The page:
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|Title:||Potentially modifiable risk factors of frailty in community-dwelling older fallers||Authors:||Toh, Wen Shien||Keywords:||DRNTU::Science::Medicine||Issue Date:||2017||Abstract:||Background and Aim: Falls in the older adult are associated with significant morbidity, functional decline and institutionalization. As the population ages, falls are likely to increase in incidence. Thus, prevention is a key public health objective. Frailty, given its association with increased fall risk, could be an entity to be screened for and targeted. The aim of this study is to characterize the differences between frail and non-frail fallers, and thus identify potentially modifiable risk factors. It is hypothesized that differences in falls profile, physical, psychiatric, functional, nutritional indicators and co-morbidities would exist. Methods: A cross-sectional analysis of 58 community-dwelling older fallers was performed. They were screened for pre-frailty or frailty using the FRAIL questionnaire, then classified via objective assessment into frail and non-frail based on an adaptation of Fried’s frailty criteria. Subjects’ baseline characteristics were evaluated, including falls history, physical performance and endurance tests, scoring of cognition and mood, questionnaires to assess function, laboratory investigations for nutrition and review of co-morbidities. Results: 70.7% of fallers were non-frail, while 29.3% were frail. Both groups did not significantly differ in terms of age, gender and ethnicity. Cognitive impairment, determined by a lower Chinese Mini-Mental State Examination (CMMSE) score, was associated with increased risk of physical frailty. Depressive symptoms, measured by the Geriatric Depression Scale (GDS) were also linked with frailty. Frail fallers had impaired physical performance and endurance, and more fall risk factors. When adjusted for age and gender, lower CMMSE scores (OR=0.864, p=0.045) remained independently associated with frailty. Frailty is not synonymous with functional decline or co-morbidity, as differences in these domains were not significant. Conclusion: Frailty predicts potentially modifiable risk factors in the physical and psychiatric domain. Thus, it is a syndrome that should be screened for and targeted as part of a holistic falls prevention programme.||URI:||http://hdl.handle.net/10356/72644||Fulltext Permission:||restricted||Fulltext Availability:||With Fulltext|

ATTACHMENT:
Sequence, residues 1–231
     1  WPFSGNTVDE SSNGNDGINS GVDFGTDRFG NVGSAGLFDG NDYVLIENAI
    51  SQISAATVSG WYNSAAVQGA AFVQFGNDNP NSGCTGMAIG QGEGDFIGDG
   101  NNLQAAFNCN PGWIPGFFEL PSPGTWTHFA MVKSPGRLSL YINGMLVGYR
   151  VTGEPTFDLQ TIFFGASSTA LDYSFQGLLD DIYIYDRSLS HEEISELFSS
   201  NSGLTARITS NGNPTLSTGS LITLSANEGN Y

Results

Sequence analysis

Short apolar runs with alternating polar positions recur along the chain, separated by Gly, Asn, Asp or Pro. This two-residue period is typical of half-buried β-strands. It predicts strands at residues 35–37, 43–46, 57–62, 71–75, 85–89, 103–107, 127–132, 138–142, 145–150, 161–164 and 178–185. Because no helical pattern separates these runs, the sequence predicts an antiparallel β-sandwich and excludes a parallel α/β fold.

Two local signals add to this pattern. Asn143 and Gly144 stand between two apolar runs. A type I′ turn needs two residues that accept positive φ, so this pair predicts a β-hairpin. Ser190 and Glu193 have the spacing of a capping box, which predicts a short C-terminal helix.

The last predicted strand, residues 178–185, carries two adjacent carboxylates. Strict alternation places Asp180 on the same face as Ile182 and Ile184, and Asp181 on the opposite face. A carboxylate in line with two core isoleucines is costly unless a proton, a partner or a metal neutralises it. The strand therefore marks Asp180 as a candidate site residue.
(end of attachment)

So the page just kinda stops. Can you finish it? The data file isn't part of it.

|Appears in Collections:||LKCMedicine Student Reports (FYP/IA/PA/PI)|
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